March 21, 2019 6:30 pm
Updated: March 21, 2019 6:43 pm

Old Moe’s Diner sign finds home at Concordia University’s Loyola Campus

WATCH: Moe's Diner was a beloved greasy spoon until it closed down in 2015. Now, three years later, the iconic sign has popped up once again at Concordia's Loyola campus. Global's Dan Spector has the details.


A piece of Montreal culinary history has found a new home, and at the same time has been serendipitously reunited with the person who treasures it most.

The old Moe’s Diner sign now hangs in a hallway of Concordia University’s CJ building.

Moe’s Diner was a Montreal institution. At the corner of Lambert-Closse and De Maisonneuve in the shadow of the Old Forum, it held a special place in the hearts of many until it closed in 2015.

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But perhaps nobody loved Moe’s more than Katelyn Thomas. Her parents owned the place from 1978 until it closed. Thomas says she basically grew up there.

“I spent a lot of my time just hanging out with the staff,” she told Global News. “They became a family to me.”

When Moe’s closed three years ago, she was devastated.

READ MORE: Moe’s Diner announces it is closing for good

Nowadays, the space is occupied by the Shaughnessy Cafe. All traces of Moe’s, though — both inside and out — are gone.

“I went into the new place once and I felt like I was being stabbed in the heart,” Thomas recalled.

Imagine her surprise last fall, then, walking down a hall in the Concordia building where she studies, and seeing one of big exterior signs from the diner she cherished hanging on the wall.

“I looked up, stopped for a second and was like ‘I know this! Oh my god, it used to hang outside Moe’s!’ I couldn’t move for at least 15 seconds,” she recounted.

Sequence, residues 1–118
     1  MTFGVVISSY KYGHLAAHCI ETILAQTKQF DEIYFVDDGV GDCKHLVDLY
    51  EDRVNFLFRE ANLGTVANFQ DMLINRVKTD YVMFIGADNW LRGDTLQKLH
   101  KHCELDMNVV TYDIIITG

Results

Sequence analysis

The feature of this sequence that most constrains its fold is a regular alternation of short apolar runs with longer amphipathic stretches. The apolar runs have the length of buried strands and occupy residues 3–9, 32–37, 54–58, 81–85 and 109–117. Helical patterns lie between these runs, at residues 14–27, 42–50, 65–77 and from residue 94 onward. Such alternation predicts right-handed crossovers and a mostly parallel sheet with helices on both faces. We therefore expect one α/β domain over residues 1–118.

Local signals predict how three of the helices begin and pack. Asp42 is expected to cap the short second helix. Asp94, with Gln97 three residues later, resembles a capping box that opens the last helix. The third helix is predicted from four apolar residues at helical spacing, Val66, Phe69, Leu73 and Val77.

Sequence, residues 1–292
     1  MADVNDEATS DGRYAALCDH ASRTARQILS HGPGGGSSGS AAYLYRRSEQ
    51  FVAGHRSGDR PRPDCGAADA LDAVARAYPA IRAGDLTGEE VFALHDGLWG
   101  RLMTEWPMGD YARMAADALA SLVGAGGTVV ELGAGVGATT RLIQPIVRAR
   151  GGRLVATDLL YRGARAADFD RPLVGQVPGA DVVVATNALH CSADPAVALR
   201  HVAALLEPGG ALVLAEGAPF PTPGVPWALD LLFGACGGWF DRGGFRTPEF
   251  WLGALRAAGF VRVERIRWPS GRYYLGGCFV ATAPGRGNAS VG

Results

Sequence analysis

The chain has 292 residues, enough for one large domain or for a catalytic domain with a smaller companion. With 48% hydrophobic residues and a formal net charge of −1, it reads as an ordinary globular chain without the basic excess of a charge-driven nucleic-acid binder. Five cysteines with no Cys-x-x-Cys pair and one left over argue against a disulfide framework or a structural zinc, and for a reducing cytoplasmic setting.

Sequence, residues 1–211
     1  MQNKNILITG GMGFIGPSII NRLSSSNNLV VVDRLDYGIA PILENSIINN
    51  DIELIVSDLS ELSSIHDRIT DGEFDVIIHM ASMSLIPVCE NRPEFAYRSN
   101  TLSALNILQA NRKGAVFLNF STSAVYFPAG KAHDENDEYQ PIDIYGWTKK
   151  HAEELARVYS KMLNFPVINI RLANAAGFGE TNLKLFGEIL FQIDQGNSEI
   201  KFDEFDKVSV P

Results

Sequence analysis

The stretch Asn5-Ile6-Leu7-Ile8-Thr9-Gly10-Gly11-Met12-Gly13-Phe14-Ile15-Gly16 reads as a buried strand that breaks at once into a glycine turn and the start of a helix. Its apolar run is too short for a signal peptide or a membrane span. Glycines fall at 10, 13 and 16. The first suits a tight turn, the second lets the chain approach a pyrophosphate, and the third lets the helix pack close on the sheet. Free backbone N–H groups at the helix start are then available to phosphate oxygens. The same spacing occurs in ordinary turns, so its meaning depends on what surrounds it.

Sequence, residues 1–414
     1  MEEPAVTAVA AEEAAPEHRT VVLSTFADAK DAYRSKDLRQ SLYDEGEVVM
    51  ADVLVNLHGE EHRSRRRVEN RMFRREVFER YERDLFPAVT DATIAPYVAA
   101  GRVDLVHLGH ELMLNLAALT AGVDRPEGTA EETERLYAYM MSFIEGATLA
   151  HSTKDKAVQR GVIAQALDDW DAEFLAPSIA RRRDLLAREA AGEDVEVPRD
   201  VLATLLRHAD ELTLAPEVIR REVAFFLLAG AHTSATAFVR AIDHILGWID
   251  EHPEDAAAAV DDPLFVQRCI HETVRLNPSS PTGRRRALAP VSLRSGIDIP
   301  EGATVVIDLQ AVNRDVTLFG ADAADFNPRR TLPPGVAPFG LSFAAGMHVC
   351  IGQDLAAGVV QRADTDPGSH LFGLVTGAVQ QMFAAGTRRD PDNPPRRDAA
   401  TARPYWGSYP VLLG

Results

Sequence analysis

Concordia professor Matt Soar collects iconic Montreal signs, and hangs them all over the CJ building as part of a conservation project. He snapped up the Moe’s sign last year.

READ MORE: After demolition of iconic restaurant, le Club Sandwich sign finds a new home

“Every sign in the collection works as a lightning rod for memories of the city,” Soar explained.

WATCH: Toronto moves to give Hearn Generating Station heritage designation

“It’s a shame a lot of these Montreal institutions are disappearing, but its nice to keep the memory alive,” said Douglas Hollingworth, a technical supervisor with the Concordia Communications Department who works near the sign. Hollingworth recounted his own memories of stumbling into Moe’s after a night on the town.

“It’s so meaningful to me that it’s here,” said Thomas.

A journalism student, Thomas recently penned an article in student newspaper The Concordian about the sign and how much it means to her.

“It’s hard to put into words how it feels, but if it could’ve ended up anywhere, I would want to be here,” she said of the sign.

Since her article was published, people have been sharing their stories about how meaningful Moe’s was to them.

“It’s just cool to know that it touched so many people in so many different ways,” Thomas told Global News.

© 2019 Global News, a division of Corus Entertainment Inc.

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